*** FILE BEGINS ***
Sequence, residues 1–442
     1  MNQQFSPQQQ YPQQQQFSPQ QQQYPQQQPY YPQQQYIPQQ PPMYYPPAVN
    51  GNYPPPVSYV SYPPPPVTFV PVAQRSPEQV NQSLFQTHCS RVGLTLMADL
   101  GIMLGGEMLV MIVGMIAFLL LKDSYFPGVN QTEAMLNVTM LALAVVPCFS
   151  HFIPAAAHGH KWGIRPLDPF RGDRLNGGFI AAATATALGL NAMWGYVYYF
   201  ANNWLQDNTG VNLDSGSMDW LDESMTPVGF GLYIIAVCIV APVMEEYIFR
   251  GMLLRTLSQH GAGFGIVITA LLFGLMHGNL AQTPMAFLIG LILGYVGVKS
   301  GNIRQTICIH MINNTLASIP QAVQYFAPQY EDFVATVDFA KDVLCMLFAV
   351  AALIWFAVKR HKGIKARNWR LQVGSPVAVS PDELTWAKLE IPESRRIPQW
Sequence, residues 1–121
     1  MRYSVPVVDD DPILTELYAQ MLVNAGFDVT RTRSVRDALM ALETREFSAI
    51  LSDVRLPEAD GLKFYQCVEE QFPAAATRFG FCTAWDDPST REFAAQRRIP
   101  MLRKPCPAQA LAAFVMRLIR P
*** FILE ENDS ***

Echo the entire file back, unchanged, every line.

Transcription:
Sequence, residues 1–442
     1  MNQQFSPQQQ YPQQQQFSPQ QQQYPQQQPY YPQQQYIPQQ PPMYYPPAVN
    51  GNYPPPVSYV SYPPPPVTFV PVAQRSPEQV NQSLFQTHCS RVGLTLMADL
   101  GIMLGGEMLV MIVGMIAFLL LKDSYFPGVN QTEAMLNVTM LALAVVPCFS
   151  HFIPAAAHGH KWGIRPLDPF RGDRLNGGFI AAATATALGL NAMWGYVYYF
   201  ANNWLQDNTG VNLDSGSMDW LDESMTPVGF GLYIIAVCIV APVMEEYIFR
   251  GMLLRTLSQH GAGFGIVITA LLFGLMHGNL AQTPMAFLIG LILGYVGVKS
   301  GNIRQTICIH MINNTLASIP QAVQYFAPQY EDFVATVDFA KDVLCMLFAV
   351  AALIWFAVKR HKGIKARNWR LQVGSPVAVS PDELTWAKLE IPESRRIPQW
Sequence, residues 1–121
     1  MRYSVPVVDD DPILTELYAQ MLVNAGFDVT RTRSVRDALM ALETREFSAI
    51  LSDVRLPEAD GLKFYQCVEE QFPAAATRFG FCTAWDDPST REFAAQRRIP
   101  MLRKPCPAQA LAAFVMRLIR P